Negative mindsets around separation

Narratives around positive co parenting after separation are not shared, even though it is possible and is the experience of many families. Everyone in this process wants the family to move forward in a positive way, but the current approach and media around divorce and separation are negative.

The perception is that you must be positional and tactical in children proceedings, but this does not help the child(ren)’s or the family's outcome It is thought that there is a winner and a loser in these proceedings but usually, whatever the outcome is, there is a huge impact on a child’s mental health and research supports this.

Education around divorce and separation should be the norm and should start at nursery level, but it is seen as a taboo subject by a lot of people If there is a positive message around divorce and separation then there will be a completely different approach to these circumstances by both parents and professionals.

Suggestions for future change:

  • Professionals should consider an integrated approach, and who else a client or their family may benefit from speaking with for additional legal, financial, or emotional support
  • Professionals should consider the language they are using with their clients, and parents should consider the language they are using with their co parent Is it positional? Is it aggressive? Is it solutions focused?
  • There should be inter discipline discussions with individuals, especially in the creative arts sector, to change the negative mindset and promote positivity around divorce and separation

The Voice of the Child Not Being Heard

When a child is subject to a child arrangements order, the child does not have their own time it is usually split between both of their parents So, what happens if the child wants to go on a play date or go to the park with friends after school? Children need to be consulted and considered and it needs to be recognised that their wishes and feelings may change as time goes on which should also be factored in.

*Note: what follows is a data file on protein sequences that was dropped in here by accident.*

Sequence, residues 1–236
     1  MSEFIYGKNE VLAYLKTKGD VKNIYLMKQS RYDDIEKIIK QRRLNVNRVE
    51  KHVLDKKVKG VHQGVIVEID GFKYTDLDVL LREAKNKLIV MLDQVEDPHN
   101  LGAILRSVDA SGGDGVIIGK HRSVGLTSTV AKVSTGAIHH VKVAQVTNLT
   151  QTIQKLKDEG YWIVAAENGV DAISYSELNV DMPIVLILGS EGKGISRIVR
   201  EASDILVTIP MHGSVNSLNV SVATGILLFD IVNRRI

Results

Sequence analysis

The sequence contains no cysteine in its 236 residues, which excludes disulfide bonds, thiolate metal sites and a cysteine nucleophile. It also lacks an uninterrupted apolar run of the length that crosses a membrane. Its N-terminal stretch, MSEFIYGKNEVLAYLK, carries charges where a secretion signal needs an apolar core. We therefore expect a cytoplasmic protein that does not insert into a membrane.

Suggestions for future change:

  • The voice of the child needs to be the focus and implemented in an appropriate way so that all involved are aware of the child's perspective and the adversarial nature of proceedings can be lessened
  • There is currently a scheme that has returned to the Central Family Court in London where all children over 9 years of age are brought into court. They attend with the parent that they are with on that day and a Cafcass officer will talk to the child in the family centre. This document provides no comment on the scheme but one we wanted to make readers aware of.

Section 3 - Key Resources

For professionals

For parents/professionals to pass on to parents

For young people 

Section 4 - Contributors

  • Ruth Kirby KC - Barrister, Mediator and Collaborative Lawyer at 4PB
  • Alison Leivesley - Partner & Head of the Family and Matrimonial team at Bindmans
  • Tom Nash - Certified Divorce Coach
  • Helen Adam - Mediator and Chair of the Family Solutions Group
  • Simon Bruce - Partner at Dawson Cornwell and works pro bono at several law clinics
  • District Judge Frances Orchover - District Judge at the Central Family Court
  • Samantha Woodham - Co Founder of The Divorce Surgery and Barrister at 4PB
  • Patricia Barry - Relph Child & Family Consultant, Psychotherapist and ISW
  • Victoria Green - Barrister, Mediator and Collaborative Lawyer at 1KBW
  • Angela Adams - Service Manager at Cafcass
  • Kirsty Race - Service Manager at Cafcass
  • Emma Green - Legal Director at Howard Kennedy